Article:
By JANE MCCLURE
Area projects compete for STAR Program funding
Several area projects are vying for St. Paul’s Neighborhood Sales Tax Revitalization (STAR) Program grants and loans. At the deadline, city officials received 31 requests. The total sought is $5,038,315, with $4,356,902 in grants and $681,413 in loans. Applicants propose matches totaling $33,907,471.
The applications undergo review starting this month, with City Council action expected this summer. The requests far exceed what is available in funding, with the awards usually less than $2 million total.
Two requests center on assistance for immigrants. A citywide request with local implications is African Economic Development Solutions’ request for $100,000 in grant funds to set up a revolving loan program for African immigrant business owners. Loans would be for exterior and interior business improvements. The nonprofit has worked with businesses along N. Snelling Ave. A $123,000 match is proposed.
Another area group that works with immigrants is the International Institute of Minnesota, 1694 Como Ave. The nonprofit is seeking a $400,000 grant for its Second Century Campaign, a $6.5 million effort to redesign existing space and add space to better serve new American with workforce training.
Other area projects seeking funds include:
• Junior Achievement of the Upper Midwest. The youth service group wishes to purchase and rehabilitate 1745 University Ave., which most recently has been a charter school. The group seeks a $1 million grant toward a $15.3 million project. The building would be rehabilitated to meet Junior Achievement’s needs.
• Joy to the People Foundation, 890 Cromwell Ave. The youth service and sports nonprofit is seeking a $30,000 loan and $30,000 grant, with a $60,000 match. This would be for the Campinho Project, to create an outdoor play center with changeable field configurations for multi-sports use. One unique feature would be the use of a cork fill field material that is considered safer than other turf field fill materials.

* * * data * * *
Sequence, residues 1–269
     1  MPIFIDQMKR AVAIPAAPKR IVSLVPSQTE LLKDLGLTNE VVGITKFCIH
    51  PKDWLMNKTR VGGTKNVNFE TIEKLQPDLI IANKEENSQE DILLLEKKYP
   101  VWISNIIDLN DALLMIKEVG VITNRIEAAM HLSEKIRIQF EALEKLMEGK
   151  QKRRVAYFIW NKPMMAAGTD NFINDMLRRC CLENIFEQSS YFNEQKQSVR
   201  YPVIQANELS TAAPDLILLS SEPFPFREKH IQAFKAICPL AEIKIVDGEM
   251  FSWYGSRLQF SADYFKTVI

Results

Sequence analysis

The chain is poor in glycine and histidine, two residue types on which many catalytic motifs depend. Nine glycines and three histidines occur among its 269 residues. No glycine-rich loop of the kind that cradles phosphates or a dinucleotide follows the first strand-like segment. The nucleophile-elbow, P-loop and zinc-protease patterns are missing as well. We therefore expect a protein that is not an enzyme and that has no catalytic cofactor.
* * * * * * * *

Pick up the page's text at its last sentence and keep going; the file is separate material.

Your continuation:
Watershed district to move to their own building in Midway
Capitol Region Watershed District (CRWD) is moving from Como to the Midway. The nonprofit purchased the MacQueen Equipment building located at the intersection of Thomas Ave. and Aldine St. for $1.35 million. CRWD plans to rehabilitate the former industrial building, located just blocks from the Green Line, with the goal of moving in within a year. Early plans include more space to accommodate the district’s regulatory, water monitoring, project, and outreach program staff, demonstration of clean water practices and community meeting space.
The district has been renting space in an office complex located on Energy Park Drive since 2004 and has hunted for a new space for the past few years.
“The board has spent countless hours carefully analyzing budgets, visiting potential sites, and examining the MacQueen property to ensure that it is a good investment that will meet the district’s present and future needs,” said Mike Thienes, CRWD Board of Managers Treasurer. “The MacQueen property will save residents’ money and better support the district as we work to protect, manage and improve water resources including Como Lake, Crosby Lake, Loeb Lake, Lake McCarrons and the Mississippi River.”